Atomic Clock Mechanism
Name: Mathew A.
How does an atomic clock measures the beats of a cesium atom?
It is sort of like going into the bathroom and humming different pitches until you find the
pitch that resonates. (In most bathrooms, there are three sets of pitches that will resonate:
those with wavelengths equal to the distance between the walls, or between the floor and
ceiling, and sub-multiples.) Everybody else with a bathroom of precisely the same dimensions
will find the same pitches you found, and the group of you will then share a frequency
In a Cesium clock, you tune a microwave oscillator around until it has just the right
frequency to excite particular electrons of a
Cesium atom from one well-defined energy level to another well-defined level. (The reason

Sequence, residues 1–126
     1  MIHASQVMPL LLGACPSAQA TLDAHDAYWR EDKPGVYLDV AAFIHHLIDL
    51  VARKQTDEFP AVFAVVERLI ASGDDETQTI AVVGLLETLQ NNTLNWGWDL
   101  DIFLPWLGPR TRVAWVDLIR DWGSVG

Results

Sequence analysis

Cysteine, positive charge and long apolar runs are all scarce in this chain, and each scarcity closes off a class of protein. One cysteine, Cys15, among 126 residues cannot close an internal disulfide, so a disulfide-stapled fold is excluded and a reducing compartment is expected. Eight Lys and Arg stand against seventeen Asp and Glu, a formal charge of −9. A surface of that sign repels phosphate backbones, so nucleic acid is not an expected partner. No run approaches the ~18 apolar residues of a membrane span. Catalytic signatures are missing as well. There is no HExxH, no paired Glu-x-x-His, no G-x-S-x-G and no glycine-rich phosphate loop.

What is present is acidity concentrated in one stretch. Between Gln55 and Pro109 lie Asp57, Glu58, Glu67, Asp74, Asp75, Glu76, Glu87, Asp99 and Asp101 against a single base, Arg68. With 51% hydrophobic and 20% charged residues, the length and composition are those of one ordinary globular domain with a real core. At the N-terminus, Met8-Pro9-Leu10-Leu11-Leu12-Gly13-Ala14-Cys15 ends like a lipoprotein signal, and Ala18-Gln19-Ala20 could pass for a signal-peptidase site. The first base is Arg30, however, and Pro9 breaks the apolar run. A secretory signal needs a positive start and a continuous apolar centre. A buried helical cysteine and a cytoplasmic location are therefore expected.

you use Cesium is that it has some very well-defined levels. Later, you will understand
that this means the levels are relatively long lived -- i.e., not damped.) When you have
tuned the oscillator to maximize the excitation of Cesium electrons, you know that the
microwave frequency is the same as the microwave frequency of any other Cesium clock --
so you have a standard that someone else can duplicate. Now all you have to do is declare
that umpty-ump cycles of such an oscillator is one second. You choose umpty-ump so that it
agrees with all other (mostly less precise) definitions of a second.
Here is more detail: http://tycho.usno.navy.mil/cesium.html
Rather than try to answer this question directly, I would rather direct you to the NIST
(National Institute of Science and Technology) web site that does a very thorough and
professional job of explaining your inquiry and the whole history of time standards:
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Update: June 2012